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It is very common on wilderness trips and in remote areas for families to trade one item for another, and sometimes this means bartering items from or for your medical kit. Of course, doctors abhor the concept of writing a prescription medication except for a specific person for a specific diagnosis. But we are talking about a period when and where the grid does not exist. Trading prescription medications is illegal and can result in serious jail time. Exchanging or providing someone medications is not a trivial issue, and it would only be done in response to a desperate situation. Otherwise your medication stores are sacrosanct.

It is possible to acquire the skills to augment or replace your medications with herbals, and we all know that some of these can also be illegal. And some can be poisonous. To use herbal supplementation, you have to really know what you are doing. Identification, storage, and extraction of the useful component are all technically challenging.
Prepping in general is technically challenging. It may well pay you to rise to the occasion and learn about herbal medications. These are the most useful, common plants for this purpose in North America:

• Garlic: infection treatment, stimulant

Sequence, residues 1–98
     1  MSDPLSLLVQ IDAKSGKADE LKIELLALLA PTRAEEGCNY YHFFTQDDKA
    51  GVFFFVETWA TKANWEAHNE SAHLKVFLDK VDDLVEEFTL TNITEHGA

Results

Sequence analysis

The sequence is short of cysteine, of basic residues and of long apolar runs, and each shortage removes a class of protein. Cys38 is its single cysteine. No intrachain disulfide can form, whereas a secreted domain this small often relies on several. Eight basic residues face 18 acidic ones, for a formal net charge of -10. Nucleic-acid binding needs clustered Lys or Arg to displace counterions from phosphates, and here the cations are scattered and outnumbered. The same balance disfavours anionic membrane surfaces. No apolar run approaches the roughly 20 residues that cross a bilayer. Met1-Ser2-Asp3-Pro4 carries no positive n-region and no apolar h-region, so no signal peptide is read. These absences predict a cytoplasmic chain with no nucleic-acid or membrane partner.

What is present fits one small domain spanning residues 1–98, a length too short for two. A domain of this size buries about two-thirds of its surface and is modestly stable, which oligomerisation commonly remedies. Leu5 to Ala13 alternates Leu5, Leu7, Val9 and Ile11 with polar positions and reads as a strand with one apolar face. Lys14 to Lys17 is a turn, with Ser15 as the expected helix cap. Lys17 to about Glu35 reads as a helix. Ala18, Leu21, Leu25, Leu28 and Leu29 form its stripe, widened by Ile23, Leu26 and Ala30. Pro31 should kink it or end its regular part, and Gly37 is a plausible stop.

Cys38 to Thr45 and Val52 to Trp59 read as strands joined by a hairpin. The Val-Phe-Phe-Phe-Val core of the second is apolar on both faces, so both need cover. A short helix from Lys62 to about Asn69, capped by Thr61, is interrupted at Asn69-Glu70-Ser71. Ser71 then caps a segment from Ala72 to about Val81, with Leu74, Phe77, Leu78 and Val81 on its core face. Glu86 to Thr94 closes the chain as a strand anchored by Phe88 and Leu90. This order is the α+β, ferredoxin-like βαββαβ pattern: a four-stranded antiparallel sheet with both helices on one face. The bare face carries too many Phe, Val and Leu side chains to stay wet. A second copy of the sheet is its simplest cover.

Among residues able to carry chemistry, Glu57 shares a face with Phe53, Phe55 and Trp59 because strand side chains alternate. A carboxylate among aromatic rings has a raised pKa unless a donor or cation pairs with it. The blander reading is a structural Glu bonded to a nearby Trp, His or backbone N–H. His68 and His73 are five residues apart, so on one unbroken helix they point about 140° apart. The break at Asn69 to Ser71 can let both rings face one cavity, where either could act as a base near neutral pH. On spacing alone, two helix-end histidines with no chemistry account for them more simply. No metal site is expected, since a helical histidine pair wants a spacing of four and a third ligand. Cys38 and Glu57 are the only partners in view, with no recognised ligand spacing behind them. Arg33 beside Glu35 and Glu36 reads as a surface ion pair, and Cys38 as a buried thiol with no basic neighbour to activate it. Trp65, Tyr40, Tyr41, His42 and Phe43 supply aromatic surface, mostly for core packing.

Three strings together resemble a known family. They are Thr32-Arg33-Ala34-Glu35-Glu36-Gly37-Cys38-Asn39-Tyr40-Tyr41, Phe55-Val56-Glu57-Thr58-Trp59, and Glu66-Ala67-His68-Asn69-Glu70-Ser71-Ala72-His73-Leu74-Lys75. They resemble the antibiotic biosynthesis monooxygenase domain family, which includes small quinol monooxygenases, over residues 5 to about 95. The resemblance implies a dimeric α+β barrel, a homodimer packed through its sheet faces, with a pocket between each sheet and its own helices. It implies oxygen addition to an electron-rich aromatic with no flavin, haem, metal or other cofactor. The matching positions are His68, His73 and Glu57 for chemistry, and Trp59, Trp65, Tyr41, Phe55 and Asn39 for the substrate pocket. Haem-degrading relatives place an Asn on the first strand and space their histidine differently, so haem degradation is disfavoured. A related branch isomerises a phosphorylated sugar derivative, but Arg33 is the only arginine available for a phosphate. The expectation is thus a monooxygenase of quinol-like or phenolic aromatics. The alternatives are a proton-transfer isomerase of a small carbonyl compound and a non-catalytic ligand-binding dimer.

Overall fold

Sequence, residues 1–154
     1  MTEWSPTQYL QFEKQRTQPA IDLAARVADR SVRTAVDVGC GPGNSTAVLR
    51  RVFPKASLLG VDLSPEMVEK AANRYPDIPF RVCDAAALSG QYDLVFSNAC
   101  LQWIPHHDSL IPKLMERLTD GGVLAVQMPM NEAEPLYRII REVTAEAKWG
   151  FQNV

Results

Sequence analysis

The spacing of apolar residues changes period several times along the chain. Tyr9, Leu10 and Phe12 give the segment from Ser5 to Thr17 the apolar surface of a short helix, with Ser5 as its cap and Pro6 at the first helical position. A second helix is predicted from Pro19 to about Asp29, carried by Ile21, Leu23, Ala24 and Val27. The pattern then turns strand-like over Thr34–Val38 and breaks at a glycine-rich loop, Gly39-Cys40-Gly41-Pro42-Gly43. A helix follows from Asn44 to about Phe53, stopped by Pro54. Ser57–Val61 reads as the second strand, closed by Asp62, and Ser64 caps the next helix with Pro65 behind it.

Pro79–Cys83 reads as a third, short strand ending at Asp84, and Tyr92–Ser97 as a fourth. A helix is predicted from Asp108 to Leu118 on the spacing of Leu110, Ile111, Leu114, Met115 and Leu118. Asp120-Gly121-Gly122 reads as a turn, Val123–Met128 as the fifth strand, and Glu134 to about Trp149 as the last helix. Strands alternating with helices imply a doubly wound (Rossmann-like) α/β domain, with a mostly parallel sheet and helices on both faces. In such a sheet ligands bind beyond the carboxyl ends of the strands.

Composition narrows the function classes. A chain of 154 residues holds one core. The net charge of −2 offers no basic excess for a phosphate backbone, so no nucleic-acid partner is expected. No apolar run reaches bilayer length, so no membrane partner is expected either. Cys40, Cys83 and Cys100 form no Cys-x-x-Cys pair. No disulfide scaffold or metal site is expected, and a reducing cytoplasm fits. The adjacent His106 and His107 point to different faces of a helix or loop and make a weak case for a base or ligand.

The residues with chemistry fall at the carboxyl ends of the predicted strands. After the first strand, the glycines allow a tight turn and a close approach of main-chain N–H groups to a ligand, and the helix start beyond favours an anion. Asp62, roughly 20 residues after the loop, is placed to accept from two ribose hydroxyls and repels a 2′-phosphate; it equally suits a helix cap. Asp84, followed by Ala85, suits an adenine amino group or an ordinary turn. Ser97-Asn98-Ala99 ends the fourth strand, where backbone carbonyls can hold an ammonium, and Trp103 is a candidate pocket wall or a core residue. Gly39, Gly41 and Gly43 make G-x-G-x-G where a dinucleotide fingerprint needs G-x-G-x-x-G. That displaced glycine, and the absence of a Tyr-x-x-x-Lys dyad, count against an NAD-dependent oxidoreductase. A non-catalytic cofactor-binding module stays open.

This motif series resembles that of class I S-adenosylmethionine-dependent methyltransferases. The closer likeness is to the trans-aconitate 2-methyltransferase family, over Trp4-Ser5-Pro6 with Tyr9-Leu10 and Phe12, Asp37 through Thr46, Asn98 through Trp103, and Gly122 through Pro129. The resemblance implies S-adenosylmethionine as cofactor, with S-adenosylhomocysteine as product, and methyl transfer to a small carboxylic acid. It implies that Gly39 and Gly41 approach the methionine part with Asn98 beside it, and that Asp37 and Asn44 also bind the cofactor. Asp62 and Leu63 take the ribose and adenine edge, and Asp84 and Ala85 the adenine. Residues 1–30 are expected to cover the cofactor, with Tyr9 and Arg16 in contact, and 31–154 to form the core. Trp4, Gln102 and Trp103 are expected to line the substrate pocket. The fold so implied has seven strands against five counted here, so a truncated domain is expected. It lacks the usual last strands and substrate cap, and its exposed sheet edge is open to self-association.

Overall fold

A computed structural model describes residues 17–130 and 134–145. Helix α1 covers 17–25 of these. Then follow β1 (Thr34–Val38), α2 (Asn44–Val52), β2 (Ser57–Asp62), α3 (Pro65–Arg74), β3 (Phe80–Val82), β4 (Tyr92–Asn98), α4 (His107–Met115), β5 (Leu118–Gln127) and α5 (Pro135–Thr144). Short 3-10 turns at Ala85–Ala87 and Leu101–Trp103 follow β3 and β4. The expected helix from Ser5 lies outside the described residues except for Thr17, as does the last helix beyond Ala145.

• Rosemary: antioxidants, stimulant
• Basil: antioxidants, infections
• Mint: stimulant, digestive
• Lemon balm: tonic for mild depression, irritability, and anxiety
• Fennel: anti-inflammatory, analgesic, appetite stimulant, antiflatulent
• Lovage: respiratory and digestive tonic, antibronchitic
• Oregano: antiseptic, antiflatulant, stimulant for bile and stomach acid, antiasthmatic
• Cilantro (coriander): antiflatulant, bloating, and cramps
• Horseradish: perspirant, stimulant
• Thyme: antiseptic, antiasthmatic, stimulant

The identification of and uses for these herbs are explained in detail by Jim Meuninck in his books Medicinal Plants of North America, 2nd edition (Falcon Guides, 2016), Basic Illustrated Medicinal Plants (Falcon Guides, 2019), and Edible Wild Plants and Useful Herbs, 2nd edition (Falcon Guides, 2018). These three books should form the basis of your literary plunge into herbal foraging, but you will want to take lessons from experienced herbalists to safely and more effectively use herbals, just as you will need to take advanced first aid and advanced wilderness first aid courses to effectively form the basis of your general medical care while off the grid.

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